Fr. Blaise Berg interviewed Fr. Joseph Fessio, SJ, Founder of Ignatius Press and Co-founder of the St. Ignatius Institute, discussing the 1978 symposium:
Fr. Berg: Fr. Fessio, What do you recall about the 1978 Conference?
Fr. Fessio: I don’t know how we did it, but I remember that the USF gymnasium was packed. As far as speakers go, Fathers Hans Urs von Balthasar and Louis Bouyer were there. Archbishop John Quinn planned to attend, but he came down with appendicitis and had to have his appendix removed! Other speakers included Malcolm Muggeridge, Dr. Thomas Hilgers, Rhonda Chervin, Fr. Gerald Coleman and Dr. James Hitchcock. Mother Teresa was invited and hoped to come, but she could not make the trip to San Francisco.
Fr. Berg: Were any of the talks published?
Fr. Fessio: Fr. Balthasar’s talk, “A Word on Humanae Vitae” was published by Ignatius Press in “New Elucidations”, a collection of talks and essays by Fr. Balthasar. Balthasar spoke very good and clear English and his talk was a brilliant theological reflection on Ephesians 5:21-32. In his talk, Balthasar commented on Adrienne von Speyr’s contributions on this key scriptural passage on marriage. Malcolm Muggeridge’s talk must have been published in some form, because it is possible to find it on the web.
Fr. Berg: We recognize significant contributions on this topic with an award in the name of Fr. Marc Calegari. What are your memories of Fr. Calegari?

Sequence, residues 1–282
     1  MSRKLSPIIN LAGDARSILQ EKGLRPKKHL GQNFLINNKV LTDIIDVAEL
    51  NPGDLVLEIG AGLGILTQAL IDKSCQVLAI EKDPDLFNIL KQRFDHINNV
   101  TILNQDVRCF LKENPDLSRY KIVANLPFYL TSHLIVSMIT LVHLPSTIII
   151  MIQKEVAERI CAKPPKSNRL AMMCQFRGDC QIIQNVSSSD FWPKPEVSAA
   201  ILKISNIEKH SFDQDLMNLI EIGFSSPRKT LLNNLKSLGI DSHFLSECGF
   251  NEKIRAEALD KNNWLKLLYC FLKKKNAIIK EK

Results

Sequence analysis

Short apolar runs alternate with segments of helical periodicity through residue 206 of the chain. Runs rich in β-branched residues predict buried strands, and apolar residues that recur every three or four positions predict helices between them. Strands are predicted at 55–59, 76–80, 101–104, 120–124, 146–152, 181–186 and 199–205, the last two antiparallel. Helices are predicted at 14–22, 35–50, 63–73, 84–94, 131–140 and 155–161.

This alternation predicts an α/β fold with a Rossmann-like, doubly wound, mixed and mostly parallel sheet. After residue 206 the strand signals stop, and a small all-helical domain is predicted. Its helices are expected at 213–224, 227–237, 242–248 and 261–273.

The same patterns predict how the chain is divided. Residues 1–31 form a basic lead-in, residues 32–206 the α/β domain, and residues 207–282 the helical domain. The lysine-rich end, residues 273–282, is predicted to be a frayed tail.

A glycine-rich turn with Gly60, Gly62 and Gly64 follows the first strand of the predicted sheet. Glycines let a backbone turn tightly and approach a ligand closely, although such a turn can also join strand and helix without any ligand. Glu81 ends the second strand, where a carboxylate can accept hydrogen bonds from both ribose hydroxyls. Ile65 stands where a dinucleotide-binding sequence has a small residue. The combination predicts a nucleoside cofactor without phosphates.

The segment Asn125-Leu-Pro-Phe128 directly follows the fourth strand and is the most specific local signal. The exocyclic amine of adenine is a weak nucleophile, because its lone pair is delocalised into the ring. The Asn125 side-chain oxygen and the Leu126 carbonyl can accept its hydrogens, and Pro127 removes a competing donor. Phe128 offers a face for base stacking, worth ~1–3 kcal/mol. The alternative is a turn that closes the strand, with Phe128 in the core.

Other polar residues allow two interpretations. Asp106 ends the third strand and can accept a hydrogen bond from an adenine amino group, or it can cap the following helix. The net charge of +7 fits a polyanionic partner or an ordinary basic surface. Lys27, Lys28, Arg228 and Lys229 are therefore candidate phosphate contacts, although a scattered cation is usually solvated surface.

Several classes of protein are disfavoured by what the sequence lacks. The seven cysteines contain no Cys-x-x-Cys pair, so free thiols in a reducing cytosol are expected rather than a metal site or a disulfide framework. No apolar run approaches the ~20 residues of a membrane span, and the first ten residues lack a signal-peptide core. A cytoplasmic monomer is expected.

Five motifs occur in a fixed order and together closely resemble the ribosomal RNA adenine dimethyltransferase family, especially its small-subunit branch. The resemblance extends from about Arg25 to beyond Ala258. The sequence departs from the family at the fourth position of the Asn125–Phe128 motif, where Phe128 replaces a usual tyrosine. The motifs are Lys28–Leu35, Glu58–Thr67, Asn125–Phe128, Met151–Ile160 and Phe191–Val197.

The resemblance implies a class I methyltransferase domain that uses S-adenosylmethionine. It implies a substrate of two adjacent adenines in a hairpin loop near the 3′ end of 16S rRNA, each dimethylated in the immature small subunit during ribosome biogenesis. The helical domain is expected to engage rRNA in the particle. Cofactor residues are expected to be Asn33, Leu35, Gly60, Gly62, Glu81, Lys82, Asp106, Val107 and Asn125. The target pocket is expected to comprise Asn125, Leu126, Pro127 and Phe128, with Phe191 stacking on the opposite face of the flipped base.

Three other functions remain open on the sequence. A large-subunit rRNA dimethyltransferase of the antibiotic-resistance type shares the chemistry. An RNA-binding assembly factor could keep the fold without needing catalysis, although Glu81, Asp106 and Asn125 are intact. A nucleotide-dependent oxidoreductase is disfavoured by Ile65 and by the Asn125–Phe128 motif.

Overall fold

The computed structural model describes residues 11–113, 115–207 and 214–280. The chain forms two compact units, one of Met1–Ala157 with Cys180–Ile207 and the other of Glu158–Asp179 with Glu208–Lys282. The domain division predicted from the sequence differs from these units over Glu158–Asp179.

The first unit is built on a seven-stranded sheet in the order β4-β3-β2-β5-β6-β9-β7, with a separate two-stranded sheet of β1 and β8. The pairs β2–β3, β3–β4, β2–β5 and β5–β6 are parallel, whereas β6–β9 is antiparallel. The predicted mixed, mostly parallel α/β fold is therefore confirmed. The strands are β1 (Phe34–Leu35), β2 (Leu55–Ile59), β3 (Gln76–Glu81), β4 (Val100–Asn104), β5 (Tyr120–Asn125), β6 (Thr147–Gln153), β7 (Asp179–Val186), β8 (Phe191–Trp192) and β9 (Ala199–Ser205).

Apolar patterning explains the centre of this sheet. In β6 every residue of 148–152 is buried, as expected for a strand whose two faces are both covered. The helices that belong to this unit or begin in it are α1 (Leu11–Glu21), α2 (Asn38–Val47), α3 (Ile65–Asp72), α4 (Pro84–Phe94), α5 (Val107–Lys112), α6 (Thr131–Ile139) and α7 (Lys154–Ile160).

Fr. Fessio: I remember that Father Calegari’s translation of Humanae Vitae was the first work published by Ignatius Press. Also, I recall visiting Fr. Calegari in his quarters one time. He had books on the bed, on the desk, on shelves, on the floor, everywhere except on the chair. I asked him where he slept. He said that he slept in the chair!
Father Blaise Berg, Treasurer of the Executive Board of CANFP, is Pastor of St. Mary’s Parish in Vacaville. Ordained 19 years, Fr. Berg’s previous experience includes serving the Diocese of Sacramento as Vicar for Clergy, Pastor of St. John the Baptist Parish and Chaplain/Director of the St. Thomas Aquinas Newman Center, both in Chico, and Secretary to the Bishop and Vice-Chancellor. Father Berg completed a baccalaureate degree in theology (S.T.B.) at the Gregorian University, Rome and licentiate (S.T.L.) and doctoral degrees in theology (S.T.D.) at the John Paul II Institute for Studies on Marriage and the Family at the Lateran University, Rome.